Oil reserves in salt caverns
- June 4, 2023
- Posted by: OptimizeIAS Team
- Category: DPN Topics
Oil reserves in salt caverns
Section: Economic geography
- A Govt-owned engineering firm is studying whether petroleum reserves can be developed in Rajasthan’s salt caverns.
Why do countries need strategic petroleum reserves (SPR) ?
- If the idea comes to fruition, India could get its first salt cavern-based oil storage facility. The country’s three existing strategic oil storage facilities — at Mangalore and Padur in Karnataka, and Visakhapatnam in Andhra Pradesh — are made up of excavated rock caverns.
- Countries build strategic crude oil reserves to mitigate major supply disruptions in the global supply chain.
- India, the world’s third-largest consumer of crude, depends on imports for more than 85% of its requirement — and strategic petroleum reserves (SPR) could help ensure energy security and availability during global supply shocks and other emergencies.
Salt cavern-based reserves vs rock cavern-based reserves
- Unlike underground rock caverns, which are developed through excavation, salt caverns are developed by the process of solution mining, which involves pumping water into geological formations with large salt deposits to dissolve the salt.
- After the brine (water with dissolved salt) is pumped out of the formation, the space can be used to store crude oil.
- The process is simpler, faster, and less cost-intensive than developing excavated rock caverns.
- Salt cavern-based oil storage facilities are also naturally well-sealed, and engineered for rapid injection and extraction of oil. This makes them a more attractive option than storing oil in other geological formations.
- The salt that lines the inside of these caverns has extremely low oil absorbency, which creates a natural impermeable barrier against liquid and gaseous hydrocarbons, making the caverns apt for storage. Also, unlike rock caverns, salt cavern-based storages can be created and operated almost entirely from the surface.
- The entire SPR programme of the United States has so far been based on salt cavern- based storage facilities.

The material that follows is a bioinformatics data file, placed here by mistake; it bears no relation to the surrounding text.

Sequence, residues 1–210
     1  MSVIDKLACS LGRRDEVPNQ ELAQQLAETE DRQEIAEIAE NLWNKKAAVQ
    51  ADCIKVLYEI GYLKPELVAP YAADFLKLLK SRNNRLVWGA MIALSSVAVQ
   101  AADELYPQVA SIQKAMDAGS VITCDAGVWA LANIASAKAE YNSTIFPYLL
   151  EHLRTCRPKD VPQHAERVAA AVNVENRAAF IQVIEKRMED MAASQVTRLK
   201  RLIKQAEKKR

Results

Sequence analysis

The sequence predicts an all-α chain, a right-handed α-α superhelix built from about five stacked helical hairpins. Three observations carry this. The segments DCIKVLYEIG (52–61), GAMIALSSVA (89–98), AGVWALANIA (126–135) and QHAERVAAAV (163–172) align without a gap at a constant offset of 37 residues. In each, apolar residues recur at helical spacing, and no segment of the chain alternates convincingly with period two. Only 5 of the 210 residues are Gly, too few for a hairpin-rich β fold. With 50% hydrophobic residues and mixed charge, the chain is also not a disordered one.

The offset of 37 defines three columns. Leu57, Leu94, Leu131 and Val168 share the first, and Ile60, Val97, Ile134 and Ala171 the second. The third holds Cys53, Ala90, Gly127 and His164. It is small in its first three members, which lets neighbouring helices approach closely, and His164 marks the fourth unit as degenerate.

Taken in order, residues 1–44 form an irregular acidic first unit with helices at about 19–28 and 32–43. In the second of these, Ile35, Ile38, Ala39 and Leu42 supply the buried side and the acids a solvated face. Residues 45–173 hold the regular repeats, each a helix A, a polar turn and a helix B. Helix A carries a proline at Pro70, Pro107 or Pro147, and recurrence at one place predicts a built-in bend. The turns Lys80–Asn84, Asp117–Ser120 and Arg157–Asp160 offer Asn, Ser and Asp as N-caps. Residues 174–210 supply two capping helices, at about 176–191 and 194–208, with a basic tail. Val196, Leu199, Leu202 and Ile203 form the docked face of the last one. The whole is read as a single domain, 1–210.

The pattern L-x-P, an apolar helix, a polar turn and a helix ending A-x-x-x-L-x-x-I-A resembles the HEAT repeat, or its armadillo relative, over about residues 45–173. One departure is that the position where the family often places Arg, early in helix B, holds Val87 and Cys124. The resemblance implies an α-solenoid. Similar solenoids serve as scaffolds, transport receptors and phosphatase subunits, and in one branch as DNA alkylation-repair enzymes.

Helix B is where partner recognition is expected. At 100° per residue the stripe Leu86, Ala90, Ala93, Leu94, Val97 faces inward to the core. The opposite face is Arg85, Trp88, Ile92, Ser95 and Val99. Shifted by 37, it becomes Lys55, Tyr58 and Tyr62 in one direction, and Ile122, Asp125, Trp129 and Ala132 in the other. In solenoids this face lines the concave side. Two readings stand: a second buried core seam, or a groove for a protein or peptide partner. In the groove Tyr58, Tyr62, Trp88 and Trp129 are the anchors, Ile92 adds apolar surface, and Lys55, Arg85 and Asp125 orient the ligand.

- Salt caverns are also used to store liquid fuels and natural gas in various parts of the world. They are also considered suitable for storing compressed air and hydrogen.
Potential in India for storing crude, petroleum products
- Rajasthan, which has the bulk of requisite salt formations in India, is seen as the most conducive for developing salt cavern-based strategic storage facilities.
Strategic petroleum reserves programme: story so far
- India’s strategic oil reserves are part of the effort to build sufficient emergency stockpiles on the lines of the reserves that the US and its Western allies set up after the first oil crisis of the 1970s. The three existing rock cavern-based facilities were built during the first phase of the programme.
- Crude oil from the reserves are to be re- leased by an empowered committee set up by the government, in the event of supply disruptions due to a natural calamity or an unforeseen global event leading to an abnormal increase in prices.
- The International Energy Agency (IEA), a Paris-based autonomous intergovernmental organization in which India is an ‘Association’ country, recommends that all countries should hold an emergency oil stockpile sufficient to provide 90 days of import protection.
- In India, apart from the SPR that are sufficient to meet 9.5 days of oil requirement, the oil marketing companies (OMCs) have storage facilities for crude oil and petroleum products for 64.5 days — which means there is sufficient storage to meet around 74 days of the country’s petroleum demand.